New Yorkers React to Streetcar Proposal With Hope and Skepticism

A rendering of the proposed streetcar line. Friends of the Brooklyn Queens Connector

A rendering of the proposed streetcar line. Friends of the Brooklyn Queens Connector

Reporting contributed by Muna Habib

In his third annual State of the City address, Mayor Bill de Blasio headed back to the future, proposing to build a new streetcar line to connect Queens and Brooklyn that will snake along the East River from Astoria to Sunset Park. Potential riders along the route voiced a bit of skepticism about the plan, but for the most part welcomed new mass transit between the boroughs.

In his speech, de Blasio recognized the explosive growth of the two boroughs’ waterfronts and the lack of public transit to easily access them. “Today, we take the next great step in connecting New Yorkers to the heart of our new economy,” he said. “New Yorkers will be able to travel up and down a 16-mile route that links a dozen waterfront neighborhoods.”

The proposed route fro the streetcar line. New York City Mayor's Office

The proposed route for the streetcar line. New York City Mayor’s Office

The Brooklyn Queens Connector, or the BQX, will serve as an alternative to the congested Brooklyn-Queens expressway and the overburdened G train. The project has a target completion date of 2024 with an estimated price tag of $2.5 billion —significantly less than constructing a new underground train line like the Second Avenue Subway, which is decades in the making and has already cost the city $4.5 billion; the total costs is expected to be upwards of $17 billion.

The streetcar proposal is de Blasio’s latest reimagining of New York City’s public transit. In his 2015 State of the City address, he announced a plan for a citywide ferry service set to launch in 2017. In last night’s speech, de Blasio reminded New Yorkers about the service and said that the project is well underway. The streetcar, he added, “has the potential to generate over $25 billion of economic activity for our city over 30 years. We’re going to make it a reality.”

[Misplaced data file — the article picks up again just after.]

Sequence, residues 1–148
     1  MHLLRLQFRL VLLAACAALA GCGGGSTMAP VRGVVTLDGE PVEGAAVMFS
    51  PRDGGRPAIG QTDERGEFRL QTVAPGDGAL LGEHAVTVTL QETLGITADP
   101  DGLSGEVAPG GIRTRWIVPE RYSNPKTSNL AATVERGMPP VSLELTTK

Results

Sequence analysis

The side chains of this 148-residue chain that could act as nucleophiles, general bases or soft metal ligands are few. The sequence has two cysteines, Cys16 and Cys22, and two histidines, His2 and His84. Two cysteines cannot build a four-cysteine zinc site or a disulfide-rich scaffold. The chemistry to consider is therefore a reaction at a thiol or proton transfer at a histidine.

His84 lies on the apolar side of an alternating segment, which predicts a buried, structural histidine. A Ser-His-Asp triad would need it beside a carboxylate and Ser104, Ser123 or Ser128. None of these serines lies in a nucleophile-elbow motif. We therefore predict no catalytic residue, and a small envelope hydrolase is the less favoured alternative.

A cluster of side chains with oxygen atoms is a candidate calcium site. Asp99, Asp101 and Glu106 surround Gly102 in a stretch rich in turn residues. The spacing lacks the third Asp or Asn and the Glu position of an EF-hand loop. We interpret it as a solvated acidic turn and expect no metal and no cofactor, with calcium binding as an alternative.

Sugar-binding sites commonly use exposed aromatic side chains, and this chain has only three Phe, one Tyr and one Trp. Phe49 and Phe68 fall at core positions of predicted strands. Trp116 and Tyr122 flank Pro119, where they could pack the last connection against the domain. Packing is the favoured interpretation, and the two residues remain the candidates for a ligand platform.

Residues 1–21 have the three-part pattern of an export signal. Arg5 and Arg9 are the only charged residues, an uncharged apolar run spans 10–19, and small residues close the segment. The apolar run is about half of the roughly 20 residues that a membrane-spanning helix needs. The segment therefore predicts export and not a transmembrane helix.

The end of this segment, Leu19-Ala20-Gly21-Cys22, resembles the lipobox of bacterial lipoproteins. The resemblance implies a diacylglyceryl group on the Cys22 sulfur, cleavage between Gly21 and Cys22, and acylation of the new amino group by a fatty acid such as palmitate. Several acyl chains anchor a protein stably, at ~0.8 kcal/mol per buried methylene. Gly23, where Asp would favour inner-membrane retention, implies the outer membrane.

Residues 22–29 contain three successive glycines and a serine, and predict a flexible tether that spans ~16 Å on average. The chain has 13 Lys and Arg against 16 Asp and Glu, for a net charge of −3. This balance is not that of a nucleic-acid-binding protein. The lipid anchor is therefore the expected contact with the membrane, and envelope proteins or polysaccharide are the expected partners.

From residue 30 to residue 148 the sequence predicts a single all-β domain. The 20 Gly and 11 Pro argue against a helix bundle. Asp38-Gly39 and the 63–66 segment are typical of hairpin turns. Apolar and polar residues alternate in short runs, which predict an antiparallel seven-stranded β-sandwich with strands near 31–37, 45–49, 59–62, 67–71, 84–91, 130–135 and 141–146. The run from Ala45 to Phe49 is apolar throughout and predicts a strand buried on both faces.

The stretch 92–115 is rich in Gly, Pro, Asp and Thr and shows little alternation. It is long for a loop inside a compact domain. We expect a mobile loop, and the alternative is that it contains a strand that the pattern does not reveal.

Still, in other cities that have invested in new streetcars or attempted to expand existing lines, fiscal and operational challenges have caused the streetcars to stall. In 2014, San Antonio abandoned its planned streetcar system after a new mayor took office who felt city funds were better spent elsewhere. That same year, after a lengthy political battle the Columbia Pike line in Arlington, Virginia was abandoned even though developers had begun investing along the route.

As news of the proposal began to spread, Queens residents and workers welcomed the idea. At least one resident was skeptical. Anne Caporusso, a lifelong Queens resident, has owned a thrift store on Vernon Boulevard for 32 years. She doubts the proposal will come to fruition.

“There’s no way the streets are big enough,” she said, explaining she didn’t think the streets were wide enough to accommodate an additional streetcar lane. Caporusso also noted that the city once had streetcars. “We were almost there once, we had trolleys back in the day,” she said gesturing to the street. “You can still see the trolley tracks.”

The trolleys were eventually phased out in Queens to introduce buses. Roosevelt Island was once connected to Manhattan by a trolley line that crossed over the Queensboro Bridge when it first opened in 1909. The trolley was used as public transport till it was dismantled on April 7, 1957. This was the last trolley line in New York State, which was also replaced with buses.

1900s NY Streetcars

A 1917 view of Broadway with a horsecar on the left and an electric streetcar on the right. The Brown Brothers

Streetcar Rendering

A rendering of the proposed streetcar in Brooklyn. Friends of the Brooklyn Queens Connector

“I think 2 billion dollars is too much to spend on a new form of transportation,” Caporusso continued. “Put the 2 billion dollars into the tube and we’d be happier riding it.”

But other residents in Queens and Brooklyn, see a need for a new transportation service.

Jake Abblebey, 30, is a professional makeup artist who lives in Williamsburg, Brooklyn, and commutes to work in Queens. Abblebey welcomed the proposal.

“I think it’s great, anything is better than the G train,” he said, referring to the winding and infamously unreliable train line.

For others who work in Queens and Brooklyn, like Mary Marks, a 25-year-old sales representative, her subway commute takes over an hour between the two boroughs.

“You have to go back to Manhattan just to get to Queens from Brooklyn,” she said. “It’s ridiculous.” Marks usually drives to save time.

Annie Morrison, 54, thinks the trolley line will provide a great opportunity to reduce New York congestion. “This will help New York tremendously as far as the traffic is concerned,” she said on an empty street in Long Island City. “If we have the money we should definitely do it.”